Pelikan 100 Black - Danzig Clip
Manufacturer/Model: Pelikan Germany/100 All Black - Danzig Clip
Year of production: Exact year unknown, somewhere between 1937 and 1940
Filling system: Piston filling (New x2 O-rings installed in place of the original cork - see photos)
Nib: CN - Chromium Nickel - EF Extra Extra Fine Super Flex melts on paper, writes up to BB/3B, super wet and consistent; Original Ebonite feed with 3 long vertical fins in Ebonite collar
Material: Cap, Captop, Front Grip Section & Barrel sleeve - celluloid. Turning Knob and Piston Assembly - Ebonite/Hard Rubber. Barrel either celluloid or acrylic, most likely celluloid. Gold Plated clip and rings, Danzig Diamond Clip
Length (pen closed): 117.2mm, 160mm posed; Diameter at cap 12.8mm; Diameter at barrel ink window 10.8mm; Diameter at barrel sleeve 11.8mm; Cap length with captop and clip 61.2mm; Barrel length without nib with t.knob 94mm, Clip length 37mm
Condition and information:
*Date first published & listed: June 15th 2021
You can see a video and writing sample of this pen here:
Context & Provenance:
To read more about the circumstances about how and where this pen was found, please visit our blog page here:
The Black Danzig Pelikan 100s:
The pen offered in this listing and pictured above, is one out of 33 Pelikan 100 and 100N pens in this find. Out of these 33 Pelikans there are 18 Pelikan 100 among which 8 Pelikan 100 All Black with green and green to yellowish barrels, pens with the cork piston filling system, (there are a couple of photos of this group in the pen tray). Out of these 8 identical pens, 5 pens are with the so-called "Danzig" diamond clip, while the other 3 are with the standard shape "drop" clip resembling the Pelikan peek. This pen is one of those 5 Danzig pens. The Danzig clip pens are probably one of the Pelikan pens most shrouded in mystery, as it is still not clearly understood if they were made in Gdansk (Danzig in German), or were they simply made in Hanover but with a different Diamond shaped clip tip.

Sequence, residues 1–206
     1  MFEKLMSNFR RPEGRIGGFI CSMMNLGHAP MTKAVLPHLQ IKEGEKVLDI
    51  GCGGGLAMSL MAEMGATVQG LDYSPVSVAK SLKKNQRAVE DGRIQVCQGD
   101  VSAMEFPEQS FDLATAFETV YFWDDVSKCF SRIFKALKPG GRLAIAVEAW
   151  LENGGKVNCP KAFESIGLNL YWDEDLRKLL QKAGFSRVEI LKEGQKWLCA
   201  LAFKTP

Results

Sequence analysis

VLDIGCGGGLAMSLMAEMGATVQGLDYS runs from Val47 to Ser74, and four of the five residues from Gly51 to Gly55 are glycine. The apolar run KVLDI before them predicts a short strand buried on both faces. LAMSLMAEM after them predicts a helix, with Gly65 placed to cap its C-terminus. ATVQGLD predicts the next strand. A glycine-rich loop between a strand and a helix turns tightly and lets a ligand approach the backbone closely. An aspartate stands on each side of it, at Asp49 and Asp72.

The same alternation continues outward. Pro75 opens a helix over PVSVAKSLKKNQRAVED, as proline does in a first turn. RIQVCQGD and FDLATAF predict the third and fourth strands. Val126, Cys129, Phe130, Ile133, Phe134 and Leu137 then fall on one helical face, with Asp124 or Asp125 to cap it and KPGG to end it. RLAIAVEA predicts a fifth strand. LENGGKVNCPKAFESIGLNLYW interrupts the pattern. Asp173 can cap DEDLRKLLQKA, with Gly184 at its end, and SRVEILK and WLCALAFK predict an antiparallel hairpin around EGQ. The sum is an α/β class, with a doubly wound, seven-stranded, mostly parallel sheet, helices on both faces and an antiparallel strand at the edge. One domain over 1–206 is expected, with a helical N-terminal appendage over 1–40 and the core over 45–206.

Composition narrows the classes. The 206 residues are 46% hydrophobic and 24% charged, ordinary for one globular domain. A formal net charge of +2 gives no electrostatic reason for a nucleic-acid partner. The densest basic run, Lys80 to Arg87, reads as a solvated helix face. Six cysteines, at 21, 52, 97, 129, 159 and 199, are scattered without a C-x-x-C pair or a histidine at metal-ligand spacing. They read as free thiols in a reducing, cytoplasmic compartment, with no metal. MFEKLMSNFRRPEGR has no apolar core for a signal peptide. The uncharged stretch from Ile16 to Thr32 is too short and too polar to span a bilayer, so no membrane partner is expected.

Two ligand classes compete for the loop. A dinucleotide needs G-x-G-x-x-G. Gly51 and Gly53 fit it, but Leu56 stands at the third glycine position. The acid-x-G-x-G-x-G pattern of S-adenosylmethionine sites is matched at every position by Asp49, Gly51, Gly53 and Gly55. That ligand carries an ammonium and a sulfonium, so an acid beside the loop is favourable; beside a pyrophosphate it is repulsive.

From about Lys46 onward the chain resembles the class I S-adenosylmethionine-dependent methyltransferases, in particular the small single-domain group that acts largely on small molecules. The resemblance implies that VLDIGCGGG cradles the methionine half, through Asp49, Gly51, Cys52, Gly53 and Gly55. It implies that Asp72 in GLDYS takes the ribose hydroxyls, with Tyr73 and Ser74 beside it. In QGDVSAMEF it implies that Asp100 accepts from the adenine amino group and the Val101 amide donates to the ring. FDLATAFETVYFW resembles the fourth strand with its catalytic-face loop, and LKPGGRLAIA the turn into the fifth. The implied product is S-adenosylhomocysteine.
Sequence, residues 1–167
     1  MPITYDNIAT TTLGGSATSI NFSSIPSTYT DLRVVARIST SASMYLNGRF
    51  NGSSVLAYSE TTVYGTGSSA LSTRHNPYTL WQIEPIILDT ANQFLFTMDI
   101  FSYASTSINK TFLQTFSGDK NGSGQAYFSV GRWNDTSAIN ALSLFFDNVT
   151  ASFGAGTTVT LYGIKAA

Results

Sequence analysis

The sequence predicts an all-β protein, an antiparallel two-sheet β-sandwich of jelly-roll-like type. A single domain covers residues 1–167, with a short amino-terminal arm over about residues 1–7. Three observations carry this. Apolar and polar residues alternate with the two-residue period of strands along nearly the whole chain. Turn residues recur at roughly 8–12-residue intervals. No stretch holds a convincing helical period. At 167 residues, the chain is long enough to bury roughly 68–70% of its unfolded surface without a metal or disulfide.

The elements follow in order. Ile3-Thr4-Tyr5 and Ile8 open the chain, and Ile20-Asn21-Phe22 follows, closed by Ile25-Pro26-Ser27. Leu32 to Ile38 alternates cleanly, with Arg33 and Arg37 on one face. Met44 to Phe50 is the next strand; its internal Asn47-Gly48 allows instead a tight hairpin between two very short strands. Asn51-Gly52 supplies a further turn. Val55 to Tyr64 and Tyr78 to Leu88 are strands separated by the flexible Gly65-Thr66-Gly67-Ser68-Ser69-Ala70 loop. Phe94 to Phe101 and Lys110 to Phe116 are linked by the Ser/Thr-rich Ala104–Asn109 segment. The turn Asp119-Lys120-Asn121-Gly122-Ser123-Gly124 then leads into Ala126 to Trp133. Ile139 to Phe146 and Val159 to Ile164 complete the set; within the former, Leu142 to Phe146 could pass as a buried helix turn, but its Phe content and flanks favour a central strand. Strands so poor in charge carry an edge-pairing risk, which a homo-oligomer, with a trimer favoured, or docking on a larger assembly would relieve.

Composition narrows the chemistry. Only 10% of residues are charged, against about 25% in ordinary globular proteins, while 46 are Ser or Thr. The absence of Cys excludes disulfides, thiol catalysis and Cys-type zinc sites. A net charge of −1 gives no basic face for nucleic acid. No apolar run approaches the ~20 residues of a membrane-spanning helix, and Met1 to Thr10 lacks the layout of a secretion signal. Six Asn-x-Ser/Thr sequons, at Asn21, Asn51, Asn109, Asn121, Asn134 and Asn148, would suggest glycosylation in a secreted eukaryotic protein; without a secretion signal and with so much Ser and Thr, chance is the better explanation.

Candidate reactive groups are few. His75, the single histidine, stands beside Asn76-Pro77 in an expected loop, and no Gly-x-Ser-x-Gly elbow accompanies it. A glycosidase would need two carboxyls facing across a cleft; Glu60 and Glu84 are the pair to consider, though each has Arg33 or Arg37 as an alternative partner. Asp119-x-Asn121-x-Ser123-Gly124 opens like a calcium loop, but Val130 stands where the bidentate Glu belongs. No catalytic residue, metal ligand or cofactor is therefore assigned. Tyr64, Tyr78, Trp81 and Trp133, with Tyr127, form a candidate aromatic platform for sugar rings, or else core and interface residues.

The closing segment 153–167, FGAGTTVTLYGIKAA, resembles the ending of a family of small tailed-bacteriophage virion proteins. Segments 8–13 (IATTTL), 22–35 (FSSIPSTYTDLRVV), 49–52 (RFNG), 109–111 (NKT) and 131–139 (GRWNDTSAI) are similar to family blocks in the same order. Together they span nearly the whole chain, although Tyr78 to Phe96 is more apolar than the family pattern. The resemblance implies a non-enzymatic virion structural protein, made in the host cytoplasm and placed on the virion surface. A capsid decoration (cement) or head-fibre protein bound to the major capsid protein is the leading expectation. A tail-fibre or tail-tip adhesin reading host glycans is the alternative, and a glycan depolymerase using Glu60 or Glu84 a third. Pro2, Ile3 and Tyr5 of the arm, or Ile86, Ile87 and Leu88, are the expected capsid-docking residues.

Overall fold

There are many theories and debates around these pens, a simple google search can take you deep into the Danzig rabbit hole. Here at ProtoPens we are not able to determine if these Danzig pens had come from another factory or not. We have theories and observations that go either way, but we are far away from coming to any conclusions, as this is a subject which is extremely deep to uncover with certainty. We will probably write a lengthy blog post with our observations about these pens, again without drawing any conclusions as to the origins of these pens, however in that blog post we will clearly explain all of our observations, as we simply had a large sample of pens from the same find, both Danzig and standard clip pens, and we will compare and explain both, knowing that all of the 33 pens came from the same shop 80 years ago. Furthermore, out of these 33 Pelikans in this find, only these 5 Pelikan 100 all black have the Danzig clip, while none of the 15 100N pens had the Danzig clip. Again, here same as with the regular clip 100 Black pens, these Danzig pens have two different inscriptions on the captops, some have "Pelikan Patent" some have "Pelikan D.R.P.". The pen in this listing has the "Pelikan PATENT" inscription on the captop.
*The build, the performance, the nib and the appearance of these 5 Danzig pens, (besides the shape of their clip), is identical to the 3 Pelikan All Black pens with the standard clip which were listed earlier, so the text below is nearly identical to that listing with some minor changes which are applicable to these pens only:
...Now, you have probably noticed the wide array of years in the title, starting from 1937 to 1940, (possibly even made before 1942), which some of you collectors consider a true heresy for us not to be able to pinpoint the exact year and sometimes even the month of production, and indeed you are right, it is a heresy. However when it comes to these 100s and especially about these war models, and especially in these transitional models, and especially when records were vaguely kept and almost entirely destroyed in WWII, there are probably only a handful of people in the world, maybe even less, that will know exactly what year this pen was made and what exactly is going on with these pens and why there are some inconsistencies with the Pelikan pen (pens that will be offered here), why we are not able to determine the exact year, and why some "known facts" don't seem to fit on some of these Pelikan pens.
To begin with, even though this is a 100 and not the 100N model, this one comes with a CN nib, which was not entirely not heard of, as even if it preceded the 100N, eventually the 100 and the 100N were produced in parallel for 1-2 years. First the 100N was only produced for export, and was often exported together with the 100, while in Germany only the 100 was offered for 1-2 more years.